Water – This might seem obvious, but having real water incorporated into the design of exercise machines is not necessarily easy. Patented by Waterrower, this system has a group of blades spinning in a tank of water. Resistance increases when you pull harder and the base level is adjusted by varying the amount of water in the tank. The big downside with this one is that it is not simple to change the base resistance as you have to change the water level in the tank to do so. This means that if you are a big strong bloke with a small wife, you will be hard pressed to find a common resistance level. On the plus side, with a water resistance rower is that you get the sound and look of water which, if you want an aesthetically pleasing machine, is nice.

Hydraulic –These machines are usually the smallest and the cheapest and have outriggers giving an arc shaped action similar to the oars on a boat. These machines do not simulate a rowing action on the water at all well despite the sweeping action of the oars due to the hydraulic not changing its resistance at all throughout the stroke at all making it feel very mechanical. On the plus side, they are small and cheap.

All of these systems have their pros and cons. I have reviewed a number of rowing machines in this blog and have tried to be as clear as possible to help you choose the best home rowing machine for your home gym.

There are four parts to the rowing actionThe catch is where you are at the forward most part of the stroke and ‘catch’ the water in the oar blades. In a scull, at the moment of the catch, there is little resistance as the boat is moving. The drive is the period of pushing with your legs and pulling with your arms and back. The resistance increases during this phase and drops off again just before the finish, which is where you pull the blades out of the water. The recovery is the motion of moving forward for the next catch.

The Seat

This may seem like a small point, but a comfortable seat is vital. Most of the seats on the machines on the market today are quite firm and there is little to tell between them for comfort. One good investment is a seat cushion. This will ease any discomfort particularly when you are still a beginner.

The footrests

Many of the machines on the market have badly situated footrests, which can lead to an awkward rowing action and knee pain. I have not experienced any problems with both the Concept 2 and the Waterrower, both of which I have trained on extensively.  You need to make sure that the footrests are big enough for your feet. I have size thirteens and some rowers are a bit of a squeeze! You must also make sure that they have heel rests that can lift away from the plate that you push against.  This is important for when you are at the front of the recovery, where your heels will naturally lift from the plate.

The computer

These vary enormously from machine to machine. Again, it depends what you’re looking for, but I would want one that gives me the most accurate and consistent readout of my workout as possible. When it comes to meters rowed or calories burned, most are just plain wrong! The most accurate on the market is the Concept2’s PM3 or PM4. Both are used in competitions as they can compensate for the change in resistance that occurs with changes in air conditions.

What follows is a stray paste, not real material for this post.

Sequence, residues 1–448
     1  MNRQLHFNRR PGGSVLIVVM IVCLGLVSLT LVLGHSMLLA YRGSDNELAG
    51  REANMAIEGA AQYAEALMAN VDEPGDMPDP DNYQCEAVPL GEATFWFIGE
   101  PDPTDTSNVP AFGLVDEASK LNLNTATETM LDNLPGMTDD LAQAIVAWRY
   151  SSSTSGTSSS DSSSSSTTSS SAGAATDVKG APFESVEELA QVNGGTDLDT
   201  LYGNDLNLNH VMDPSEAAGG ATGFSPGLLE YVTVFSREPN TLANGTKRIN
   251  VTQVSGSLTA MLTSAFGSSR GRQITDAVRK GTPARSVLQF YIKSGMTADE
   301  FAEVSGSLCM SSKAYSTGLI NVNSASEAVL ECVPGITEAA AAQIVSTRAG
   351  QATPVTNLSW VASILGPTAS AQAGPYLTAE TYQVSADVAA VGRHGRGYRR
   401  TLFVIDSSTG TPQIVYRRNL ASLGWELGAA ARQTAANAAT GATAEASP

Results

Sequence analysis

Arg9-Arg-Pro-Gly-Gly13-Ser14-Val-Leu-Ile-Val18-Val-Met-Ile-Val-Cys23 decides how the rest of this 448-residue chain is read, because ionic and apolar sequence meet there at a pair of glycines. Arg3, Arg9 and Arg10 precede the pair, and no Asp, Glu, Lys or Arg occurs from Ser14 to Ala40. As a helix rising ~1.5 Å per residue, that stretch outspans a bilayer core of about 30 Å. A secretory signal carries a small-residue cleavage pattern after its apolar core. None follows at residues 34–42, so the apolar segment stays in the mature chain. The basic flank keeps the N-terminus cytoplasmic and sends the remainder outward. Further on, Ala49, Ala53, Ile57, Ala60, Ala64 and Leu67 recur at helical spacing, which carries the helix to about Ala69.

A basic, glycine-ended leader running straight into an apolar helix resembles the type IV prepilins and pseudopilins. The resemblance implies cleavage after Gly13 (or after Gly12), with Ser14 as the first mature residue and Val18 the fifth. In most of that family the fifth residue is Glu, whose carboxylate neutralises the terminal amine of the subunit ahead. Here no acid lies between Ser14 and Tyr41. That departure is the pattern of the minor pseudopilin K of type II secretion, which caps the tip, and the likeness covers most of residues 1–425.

Best Rowing Machine Options

While you will still need to check out rowing machine reviews and do some comparison shopping before making your final choice, these are some of the top choices for best rowing machine organized into a few categories.

For Saving Space and Money:

Pros: Lightweight, Inexpensive

Cons: You get what you pay for. The hydraulic design does not allow for realistic rowing movements. The machine does not allow for leg pushes and therefore will not give you a true full body workout; it mostly works out your arms and upper body.

For Getting a Great Workout at HomeWaterRower Review

Pros: Excellent design. Easy to use. The WaterRower offers water resistance with a full range of movement that will work out your entire body. This machine will look great in your home and even makes a stress relieving, realistic water sound with each stroke.

Cons: More expensive than some discount models.

For the competitive peopleConcept2 Model D Review


Pros: This rower is used by many professional indoor rowing competitions because of its close similarity to real rowing. It is the best air resistance rower you can find for home use and one of the most popular on the market.

Cons: If you want the realistic appeal of using water resistance, this might not be for you. The price can also be a deterrent if you are shopping on a budget.

The Best Rowing Machine for Home

Ultimately, the decision as to which of the top rated rowing machines is best for you is a personal one. However, there are several factors that you should take into consideration before you even start shopping for a specific model. Ask yourself these important questions to help you speed up your search and make choosing the best rower easier.

  • What are my personal fitness goals? Are you a beginner looking to get in shape? If so, a basic rower with a simple design will be all you need. For more experienced fitness enthusiasts, an advanced rower with additional design features would be ideal. Before you start shopping, think about whether you just want to get in shape or you have a loftier goal, like competitive rowing.
  • Where will I use the rower? If you live in a small apartment, storage space is probably a big concern. On the other hand, if you have a dedicated fitness room or home gym set up, you do not need to consider the space that a rower takes up. Some rowers are specifically designed to be space saving and can either fold up or be stored vertically when not in use.
  • What is my budget for home fitness equipment? Buying an ergometer for your home is an investment in your personal fitness. While some of the best indoor rowing machines can be rather pricey, they really are not comparatively more expensive than many other exercise machines. Still, deciding what your personal budget is before you start shopping will help you narrow down your options quickly.

And Finally…. Make you own Rowing Machine!

This is totally cool! I guess if you have time and can’t afford a Lifecore R100, then this has to be for you. I found it fun anyway!!